Friday, January 7, 2011

Governor Patrick Throws Down the Gauntlet on ACOs

Two days ago I described the current moment in Massachusetts Health Care Reform as "crunch time," with a number of tough choices to be made.

Yesterday, in his address to the legislature, Governor Patrick ran with the "tough choice" theme. Here's what he had to say about health care, with my comments interlaced in bold italics:
...The times demand that we face the hard choices before us with candor and courage, and that we act -- because doing so today will make us stronger tomorrow...We must demand more of ourselves than rhetoric that divides us and leadership that kicks every tough decision down the road. We must demand more not just of our public leaders, but also of our private ones – and of ourselves as individual citizens. Generational responsibility belongs to all of us. Every one of us owes a debt to the future payable only by making the kinds of choices today that build a better, stronger Commonwealth for tomorrow.

This is fine inspirational rhetoric. But if our state really wants to grapple with health care costs, we'll need a lot of encouragement and inspiration along the way. The governor will have to use his excellent communicative skills to help us understand what has to be done, why it has to be done, and how we can do it, again and again.

We can’t be satisfied until health care is as affordable as it is accessible. That means creating incentives for all providers to work together to deliver better care at lower cost, improving transparency in the charges for services, reforming the medical malpractice system, and getting excessive paperwork out of the way of the relationship between doctor and patient. It means a new emphasis on wellness and prevention.

If Governor Patrick can make real progress on these issues, he'll be a hero when he leaves office. Unfortunately, while health insurance is MUCH more accessible, health CARE isn't, especially primary care. Remedying that problem will not be a quick fix! "Better care at a lower cost" is the key sound bite here. I hope the reference to "medical malpractice reform" signals a real intention. While economists say that malpractice reform will only have a minor influence on costs, the liability system has a major influence on how physicians see the world. The impact is poisonous. The Democrats missed an important opportunity when they left malpractice reform out of the health care reform legislation.

And it means that we must change the way we pay for health care. So, we will file legislation in the coming weeks to address health care cost, including significant payment reform and simplification. This will be a challenge. There will be great debate and resistance to change. But working families, small and large businesses alike, and governments, too, need a solution – and they need it now.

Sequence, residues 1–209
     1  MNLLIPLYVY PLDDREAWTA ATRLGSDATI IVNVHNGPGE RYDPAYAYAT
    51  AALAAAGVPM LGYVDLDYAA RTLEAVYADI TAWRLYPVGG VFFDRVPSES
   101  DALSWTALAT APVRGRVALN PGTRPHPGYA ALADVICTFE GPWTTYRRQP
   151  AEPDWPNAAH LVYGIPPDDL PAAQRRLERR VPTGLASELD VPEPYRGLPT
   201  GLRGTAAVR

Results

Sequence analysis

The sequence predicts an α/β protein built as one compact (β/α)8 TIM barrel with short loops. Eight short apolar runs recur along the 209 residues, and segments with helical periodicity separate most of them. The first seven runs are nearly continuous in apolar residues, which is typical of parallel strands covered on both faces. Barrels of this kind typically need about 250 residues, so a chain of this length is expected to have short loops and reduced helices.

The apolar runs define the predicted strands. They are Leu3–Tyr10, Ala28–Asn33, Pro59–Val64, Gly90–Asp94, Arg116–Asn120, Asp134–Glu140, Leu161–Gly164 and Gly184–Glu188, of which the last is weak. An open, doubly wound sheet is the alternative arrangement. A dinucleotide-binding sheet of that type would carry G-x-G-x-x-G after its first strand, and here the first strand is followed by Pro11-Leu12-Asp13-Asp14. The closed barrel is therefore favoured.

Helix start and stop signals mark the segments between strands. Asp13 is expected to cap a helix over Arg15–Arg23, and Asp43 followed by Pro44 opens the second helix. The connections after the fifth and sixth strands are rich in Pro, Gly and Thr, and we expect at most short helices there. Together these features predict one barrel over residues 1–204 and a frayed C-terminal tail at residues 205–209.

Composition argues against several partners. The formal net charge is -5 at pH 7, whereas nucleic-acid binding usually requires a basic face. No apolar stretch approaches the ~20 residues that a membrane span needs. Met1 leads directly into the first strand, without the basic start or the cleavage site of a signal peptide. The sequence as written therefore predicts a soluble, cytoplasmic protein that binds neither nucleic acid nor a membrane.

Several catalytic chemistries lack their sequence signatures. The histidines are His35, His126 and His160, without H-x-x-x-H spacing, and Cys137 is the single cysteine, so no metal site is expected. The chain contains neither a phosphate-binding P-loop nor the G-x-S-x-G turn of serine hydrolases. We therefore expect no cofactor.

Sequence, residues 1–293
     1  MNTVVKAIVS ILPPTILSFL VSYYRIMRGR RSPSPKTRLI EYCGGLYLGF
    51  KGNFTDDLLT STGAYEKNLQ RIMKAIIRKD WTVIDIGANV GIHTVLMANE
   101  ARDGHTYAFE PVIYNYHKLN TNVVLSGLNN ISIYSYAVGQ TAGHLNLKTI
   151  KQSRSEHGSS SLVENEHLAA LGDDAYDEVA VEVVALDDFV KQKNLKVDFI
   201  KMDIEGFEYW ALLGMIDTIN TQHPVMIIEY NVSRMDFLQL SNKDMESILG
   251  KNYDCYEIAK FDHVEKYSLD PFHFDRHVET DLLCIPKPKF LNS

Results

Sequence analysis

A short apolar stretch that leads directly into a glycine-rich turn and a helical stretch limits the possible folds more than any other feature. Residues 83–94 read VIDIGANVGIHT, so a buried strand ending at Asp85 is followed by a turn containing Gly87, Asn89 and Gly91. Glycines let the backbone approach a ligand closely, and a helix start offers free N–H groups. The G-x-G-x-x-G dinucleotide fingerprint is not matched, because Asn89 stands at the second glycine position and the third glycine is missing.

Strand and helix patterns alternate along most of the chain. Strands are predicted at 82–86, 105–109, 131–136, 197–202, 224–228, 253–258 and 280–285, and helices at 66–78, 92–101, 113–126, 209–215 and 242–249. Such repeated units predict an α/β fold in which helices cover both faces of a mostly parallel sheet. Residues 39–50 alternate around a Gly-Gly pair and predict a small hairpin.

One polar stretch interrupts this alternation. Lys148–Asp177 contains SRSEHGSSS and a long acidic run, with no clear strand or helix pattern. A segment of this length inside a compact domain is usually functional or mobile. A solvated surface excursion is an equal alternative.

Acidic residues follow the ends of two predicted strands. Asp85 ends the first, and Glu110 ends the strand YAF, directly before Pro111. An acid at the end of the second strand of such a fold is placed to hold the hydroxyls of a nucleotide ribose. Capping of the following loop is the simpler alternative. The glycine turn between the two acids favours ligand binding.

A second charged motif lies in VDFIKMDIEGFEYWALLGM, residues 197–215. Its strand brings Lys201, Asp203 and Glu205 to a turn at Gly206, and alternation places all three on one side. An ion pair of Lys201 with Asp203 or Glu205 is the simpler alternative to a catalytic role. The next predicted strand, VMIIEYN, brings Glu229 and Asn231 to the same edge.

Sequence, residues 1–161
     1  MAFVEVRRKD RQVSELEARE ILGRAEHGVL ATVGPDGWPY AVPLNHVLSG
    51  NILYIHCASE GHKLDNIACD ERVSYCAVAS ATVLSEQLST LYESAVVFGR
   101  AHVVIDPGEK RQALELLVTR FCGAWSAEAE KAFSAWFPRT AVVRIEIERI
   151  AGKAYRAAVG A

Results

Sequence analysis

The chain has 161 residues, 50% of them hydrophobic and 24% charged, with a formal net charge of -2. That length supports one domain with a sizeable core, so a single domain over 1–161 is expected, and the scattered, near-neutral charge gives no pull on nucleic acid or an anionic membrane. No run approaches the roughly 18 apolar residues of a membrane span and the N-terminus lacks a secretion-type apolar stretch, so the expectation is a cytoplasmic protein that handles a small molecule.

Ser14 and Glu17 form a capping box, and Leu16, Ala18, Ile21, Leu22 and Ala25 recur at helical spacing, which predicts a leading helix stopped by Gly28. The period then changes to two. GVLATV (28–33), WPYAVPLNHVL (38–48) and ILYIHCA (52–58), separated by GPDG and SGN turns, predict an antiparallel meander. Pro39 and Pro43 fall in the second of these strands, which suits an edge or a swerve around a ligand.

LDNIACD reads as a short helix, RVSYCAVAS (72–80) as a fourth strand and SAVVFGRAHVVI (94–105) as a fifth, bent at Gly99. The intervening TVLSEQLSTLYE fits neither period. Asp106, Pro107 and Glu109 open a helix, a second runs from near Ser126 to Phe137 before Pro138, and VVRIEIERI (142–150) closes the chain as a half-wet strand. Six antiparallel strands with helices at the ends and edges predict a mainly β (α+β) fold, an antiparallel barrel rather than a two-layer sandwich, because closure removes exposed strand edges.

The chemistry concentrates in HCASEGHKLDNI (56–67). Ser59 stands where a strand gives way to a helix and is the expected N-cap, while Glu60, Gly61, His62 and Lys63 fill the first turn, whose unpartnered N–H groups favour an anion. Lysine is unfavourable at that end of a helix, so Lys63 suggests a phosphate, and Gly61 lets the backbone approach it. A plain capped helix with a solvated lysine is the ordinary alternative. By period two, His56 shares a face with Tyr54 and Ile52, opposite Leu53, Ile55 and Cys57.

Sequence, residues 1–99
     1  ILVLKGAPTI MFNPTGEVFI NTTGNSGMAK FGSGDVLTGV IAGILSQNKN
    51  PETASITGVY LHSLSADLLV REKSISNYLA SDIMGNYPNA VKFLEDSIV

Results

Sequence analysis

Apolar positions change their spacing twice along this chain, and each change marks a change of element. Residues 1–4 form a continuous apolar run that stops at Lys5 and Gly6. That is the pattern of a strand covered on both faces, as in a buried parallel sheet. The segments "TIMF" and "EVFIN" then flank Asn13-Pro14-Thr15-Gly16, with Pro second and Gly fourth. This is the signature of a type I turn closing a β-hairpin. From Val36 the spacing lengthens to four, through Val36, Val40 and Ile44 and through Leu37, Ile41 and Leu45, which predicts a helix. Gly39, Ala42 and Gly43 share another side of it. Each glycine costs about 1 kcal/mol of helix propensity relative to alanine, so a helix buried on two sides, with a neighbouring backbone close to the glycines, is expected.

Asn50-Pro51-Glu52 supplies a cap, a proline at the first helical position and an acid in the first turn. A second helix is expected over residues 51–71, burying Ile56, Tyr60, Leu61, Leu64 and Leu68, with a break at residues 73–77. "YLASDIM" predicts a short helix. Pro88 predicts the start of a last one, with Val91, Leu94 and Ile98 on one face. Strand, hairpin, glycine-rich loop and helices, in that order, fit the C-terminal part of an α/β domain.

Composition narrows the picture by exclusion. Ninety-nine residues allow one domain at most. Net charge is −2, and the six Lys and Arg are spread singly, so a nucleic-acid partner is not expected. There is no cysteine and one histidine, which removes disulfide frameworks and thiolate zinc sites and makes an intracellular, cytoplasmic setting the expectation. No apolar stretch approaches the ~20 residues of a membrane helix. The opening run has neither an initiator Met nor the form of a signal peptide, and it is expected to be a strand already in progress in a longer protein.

The governor can propose legislation, but word on the street is that the legislature is not yet sold on the idea of payment reform. Legislators will be lobbied hard by constituents from their districts who are fearful about global payments. There will be strong temptation to kick the problem down the road.

Some steps we can take immediately without waiting for new laws. At my direction, MassHealth, the Health Care Connector and the Group Insurance Commission will implement pilot programs to demonstrate new, more cost-effective ways to buy health care. To get different results, we need to start trying different things. And we need to start now.

This is the approach New Hampshire is taking. It has launched a five year pilot of five Accountable Care Organizations. Next month I will have the privilege of meeting with the project steering committee to discuss the ethical concerns that will have to be addressed for ACOs to thrive. The "death panel" fiasco shows how vulnerable changes that are uncontroversial among physicians and nurses are to misunderstanding in the public arena.

We will work on these and other plans with our partners in the health care industry and in Washington, as well as with patient advocates. Everyone -- insurers, hospitals, physicians, nurses, and other medical professionals, and especially patients -- needs to be a part of this solution. But let me be clear: The time for talk is over. The time for action has arrived.

The governor is on target here. To achieve better care at a lower cost every stakeholder will have to take steps that scare them, and may have to make real sacrifices. Any one of the groups the governor names can block progress. Keeping stakeholders in a cooperative process is the key thing the governor needs to do.

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